Bluetooth SIG to Begin Qualifying Products Using LC3 Codec

September 24 2020, 01:05
The Bluetooth Special Interest Group (SIG) announced it will start qualifying products using the LC3 Low Complexity Communication Codec, part of the new LE Audio Specification announced at CES 2020, back in January. Even though the organization doesn't expect the rest of the specifications that define all the use cases for LE Audio to be released before mid-year 2021, manufacturers are officially encouraged to start implementing the new Fraunhofer/Ericsson codec.
 

This announcement from the Bluetooth SIG is good and bad. The good part is that the organization is trying to encourage companies to start implementing the more efficient codec. The bad bad part is that it acknowledges that the complete Bluetooth Core Specification Version 5.2 that was promised to be released in 2020, will now be delayed to mid-2021.

As previously announced, the Fraunhofer Institute for Integrated Circuits IIS has been licensing the LC3 audio codec adopted for Bluetooth LE Audio already for some months. Fraunhofer IIS was instrumental in the LC3 development (as it did for more than 30 years with other vital codecs, including the AAC family). 

The LC3 codec is a joint development by Fraunhofer IIS and Ericsson and provides high-quality speech and audio, even at low data rates, overcoming essential shortcomings in today’s wireless communication platforms. A reduction of the required bit rate by roughly 50 percent compared to the legacy SBC codec facilitates low-energy audio services – making it possible either to extend products’ battery life or to create smaller devices.
 
The LC3 codec hits the efficiency sweetspot at 128kbps, and at 192kbps offers maximum audio quality equal to an uncompressed 1.5Mbps signal.
And LC3 is a step forward for LE Audio, bringing more flexibility to developers, and enabling them to make better design tradeoffs between key product attributes like audio quality and power consumption. As Markus Schnell, Fraunhofer's technical lead of the Low Delay Audio Coding Group recently explained, the new codec will be vital for applications in hearing-aids, communication headsets, wireless speakers, and wireless headphones and earbuds.

"For voice services, LC3 will upgrade Bluetooth headsets to the latest in state-of-the-art audio quality, which has already been deployed in HD Voice+ VoLTE networks. Here, the introduction of the Enhanced Voice Services (EVS) standard audio codec brought a new level of speech and audio quality to mobile services. This level can now be delivered through Bluetooth accessories as well.

"All LE Audio headsets/voice devices will mandate the Super Wideband (SWB) quality and will be compatible with HD Voice+. This gives consumers a good reason to buy a new LE Audio device. Everybody using Skype, Facetime, or any regular mobile phone call – as more and more mobile networks support SWB – will be able to hear a clear and impressive difference between the former hands-free device and the new LE Audio."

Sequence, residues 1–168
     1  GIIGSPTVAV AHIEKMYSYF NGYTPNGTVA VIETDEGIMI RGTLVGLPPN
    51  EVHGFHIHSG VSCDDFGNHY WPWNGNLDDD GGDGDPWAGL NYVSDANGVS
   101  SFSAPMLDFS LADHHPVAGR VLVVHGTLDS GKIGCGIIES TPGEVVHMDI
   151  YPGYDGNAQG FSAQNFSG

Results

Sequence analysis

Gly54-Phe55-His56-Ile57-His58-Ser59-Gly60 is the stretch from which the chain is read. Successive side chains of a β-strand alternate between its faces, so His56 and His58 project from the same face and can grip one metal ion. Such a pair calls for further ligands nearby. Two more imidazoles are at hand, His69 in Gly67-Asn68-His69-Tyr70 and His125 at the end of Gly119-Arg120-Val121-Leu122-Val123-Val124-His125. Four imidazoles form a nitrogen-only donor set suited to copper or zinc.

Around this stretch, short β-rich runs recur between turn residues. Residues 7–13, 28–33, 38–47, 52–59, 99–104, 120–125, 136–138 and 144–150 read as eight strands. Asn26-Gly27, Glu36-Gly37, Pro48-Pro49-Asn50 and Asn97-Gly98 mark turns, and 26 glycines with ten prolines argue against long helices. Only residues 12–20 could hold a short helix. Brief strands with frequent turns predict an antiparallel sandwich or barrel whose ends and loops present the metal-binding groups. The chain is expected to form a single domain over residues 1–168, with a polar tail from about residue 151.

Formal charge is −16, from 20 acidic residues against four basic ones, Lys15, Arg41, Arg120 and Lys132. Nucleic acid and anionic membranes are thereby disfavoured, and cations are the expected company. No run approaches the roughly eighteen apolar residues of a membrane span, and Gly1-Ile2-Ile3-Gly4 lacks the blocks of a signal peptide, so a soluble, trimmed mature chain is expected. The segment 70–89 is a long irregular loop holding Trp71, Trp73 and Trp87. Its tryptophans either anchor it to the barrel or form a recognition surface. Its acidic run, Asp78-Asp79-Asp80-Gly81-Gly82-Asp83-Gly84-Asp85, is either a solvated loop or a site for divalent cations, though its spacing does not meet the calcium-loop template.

The Bluetooth SIG has made available a demonstration of the audible differences between LC3 and SBC at different bit rates.
"For music, LC3 solves two fundamental quality challenges: All kinds of audio can be transmitted with excellent quality, and it cuts the data rate by 50 percent, which leads to longer battery life or the ability to develop smaller devices."

Challenges remaining to be addressed, according to Markus Schnell, will consist mainly on manufacturers resisting the temptation to continue to implement their own proprietary audio codec and profile for Bluetooth transmission, limiting interoperability. "With LE Audio and LC3, vendors can switch back to standardized solutions, which opens up the market for manufacturers of playback devices," Schnell adds.

According to the recently released 2020 Bluetooth Market Update, total annual Bluetooth device shipments will exceed six billion by 2024 (after having surpassed 1 billion in 2019). The introduction of Bluetooth LE Audio will help further accelerate market growth with nearly 2 billion audio and entertainment devices forecasted to be shipped annually by 2024. In addition to enhancing performance and adding support for hearing aids, LE Audio will introduce Audio Sharing, an innovative use case for Bluetooth technology that allows users to share their music with family and friends, or directly tune into TVs in airports, bars, gyms, and other public venues. 

The 2020 Bluetooth Market Update reports that rapid growth in portable wireless speakers and soundbars demonstrates consumer preference and confidence in Bluetooth wireless audio devices and that nearly 97% of all speakers are forecasted to include Bluetooth technology by 2024. It is anticipated that, by 2024, half of all audio and entertainment device shipments will include Bluetooth LE technology.

The Bluetooth SIG has made available a demonstration of the audible differences between LC3 and SBC at different bit rates.
www.bluetooth.com
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